If I could “have it all” as a missionary, here’s what my life would look like . . .
Serving as a missionary is a noble and exciting calling in service to God’s people. However, it isn’t uncommon for missionaries to suffer from heightened doubts, fear, and other spiritual attacks in their vocation. In this post, Erica Tape reminds us that God can work through difficult circumstances in our lives to point us to His provision and care.
What might be a milestone when it comes to your work? It could mean celebrating years of service or the completion of a major project. Perhaps it’s a promotion or, even better, the increased growth of a trusting relationship with a co-worker.
Almost a decade ago, there was a movement that dealt with the rise in motorcycle accidents. It started with a simple billboard campaign, “Start Seeing Motorcycles.” Unlike some ads, this one worked. It got the attention of motorists, and many changed their driving behavior. I became more aware of bikers on the road. That was easy to do, since at the time I lived in Harley country.
For the past year or so, many people have experienced burnout at their jobs. Whether you work in an office, at home, or in ministry, you’ve likely felt the pressure. Many people had to work longer hours and adjusted to working at home—and the combination of all these factors has led to a collective burnout.
This post is adapted from Callings for Life: God’s Plan, Your Purpose written by Jeffrey Leininger.
Stop and think about your callings—do you know what they are? Discover four practical takeaways to apply your callings in all aspects of your life.
Faith is something Christians hold onto tightly. It is part of what makes us who we are, and it is a gift from God that makes our daily lives matter. Through our faith in Him, we are able to live a life that stands out no matter what culture we are born into. Read an excerpt about a Christian’s holy vocations within the culture from Faith That Sees through the Culture written by Alfonso Espinosa.
As a college senior, I feel an incredible amount of pressure to have my life figured out and to be living out what I was born to do. This is most likely the case for any college student or young adult who may be preparing to face the real world. Society leads us to believe that our lives must be perfect and full of purpose in order to have meaning. I blame social media for this, as that is the main platform people of my generation use to share their so-called perfect lives. Obsessing over what other people are doing in life leads to comparison, which can lead to believing that everyone else has their purpose in life figured out.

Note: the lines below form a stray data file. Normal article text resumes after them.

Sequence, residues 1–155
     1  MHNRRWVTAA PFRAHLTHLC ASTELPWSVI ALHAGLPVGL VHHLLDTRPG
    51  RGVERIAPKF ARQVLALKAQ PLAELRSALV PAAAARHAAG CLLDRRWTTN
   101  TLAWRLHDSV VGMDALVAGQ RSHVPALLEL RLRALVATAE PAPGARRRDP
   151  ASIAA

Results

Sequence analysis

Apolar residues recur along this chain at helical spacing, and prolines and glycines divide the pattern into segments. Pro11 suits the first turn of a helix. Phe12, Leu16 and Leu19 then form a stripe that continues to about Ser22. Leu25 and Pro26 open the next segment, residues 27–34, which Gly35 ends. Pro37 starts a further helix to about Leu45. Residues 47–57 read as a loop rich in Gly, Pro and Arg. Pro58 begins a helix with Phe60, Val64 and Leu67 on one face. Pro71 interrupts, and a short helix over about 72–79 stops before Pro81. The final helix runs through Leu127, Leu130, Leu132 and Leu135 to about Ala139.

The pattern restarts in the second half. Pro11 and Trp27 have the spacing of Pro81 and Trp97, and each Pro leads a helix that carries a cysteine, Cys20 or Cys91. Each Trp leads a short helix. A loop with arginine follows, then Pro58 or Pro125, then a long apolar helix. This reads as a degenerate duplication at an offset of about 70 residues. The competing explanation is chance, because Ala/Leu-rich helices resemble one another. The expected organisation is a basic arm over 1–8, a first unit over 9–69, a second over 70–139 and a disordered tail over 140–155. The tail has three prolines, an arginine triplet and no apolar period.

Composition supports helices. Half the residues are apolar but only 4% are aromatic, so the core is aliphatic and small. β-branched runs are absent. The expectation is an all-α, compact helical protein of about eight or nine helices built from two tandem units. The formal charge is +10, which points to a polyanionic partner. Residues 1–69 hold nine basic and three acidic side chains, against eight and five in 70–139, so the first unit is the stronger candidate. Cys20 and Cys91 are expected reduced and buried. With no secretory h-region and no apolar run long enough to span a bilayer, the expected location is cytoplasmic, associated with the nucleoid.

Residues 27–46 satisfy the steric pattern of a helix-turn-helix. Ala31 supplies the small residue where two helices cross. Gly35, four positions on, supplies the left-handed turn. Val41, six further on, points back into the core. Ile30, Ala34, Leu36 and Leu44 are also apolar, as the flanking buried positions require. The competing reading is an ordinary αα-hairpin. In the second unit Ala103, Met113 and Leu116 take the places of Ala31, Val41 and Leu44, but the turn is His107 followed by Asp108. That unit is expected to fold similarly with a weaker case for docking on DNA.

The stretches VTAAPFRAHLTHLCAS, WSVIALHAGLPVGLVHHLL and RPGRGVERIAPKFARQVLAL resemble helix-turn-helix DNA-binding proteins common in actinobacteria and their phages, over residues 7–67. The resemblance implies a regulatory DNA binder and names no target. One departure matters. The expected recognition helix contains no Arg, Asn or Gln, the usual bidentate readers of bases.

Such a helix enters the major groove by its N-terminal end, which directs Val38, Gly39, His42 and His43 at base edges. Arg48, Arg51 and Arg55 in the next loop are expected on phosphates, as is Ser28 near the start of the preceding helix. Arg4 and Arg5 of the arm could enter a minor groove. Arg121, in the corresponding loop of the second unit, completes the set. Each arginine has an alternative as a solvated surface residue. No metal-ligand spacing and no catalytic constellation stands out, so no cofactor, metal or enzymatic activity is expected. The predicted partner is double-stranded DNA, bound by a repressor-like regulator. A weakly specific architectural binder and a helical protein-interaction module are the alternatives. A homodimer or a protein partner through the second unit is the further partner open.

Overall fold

Note: this article was written for the fall edition of Lutheran Life. It was written before COVID-19 was a worry for the world. As we are now in this new time of social distancing, working from home, and canceled events, consider how you live out your vocations under your own roof.
As you consider your vocations, it’s appropriate to start with where you live—right in your very living room. Take a moment to consider whom you live with. Perhaps a spouse, child, parent, or friend. What are practical ways you can love and serve those under the same roof?
Vocational work at home means recognizing the role you play in your family unit. Your very presence in this home holds the potential for you to carry out the good works God has prepared for you to do right here.
For me, 2019 brought nearly every major life change a person can encounter condensed into a short amount of time. We moved, bought a house, my husband began his first call, we had a baby. In the midst of those big things, I was surviving by abiding. I was learning what it meant to abide in Jesus when I felt as if I couldn’t string two coherent thoughts together at any given moment. I was learning to accept and extend more grace for myself than I ever thought possible. It was Gospel living at its most extreme. Now, we are done moving, the baby is six months old somehow, and we are settling into a new routine. It’s good. This new routine brings with it some breathing room, some space to not just survive but to strive.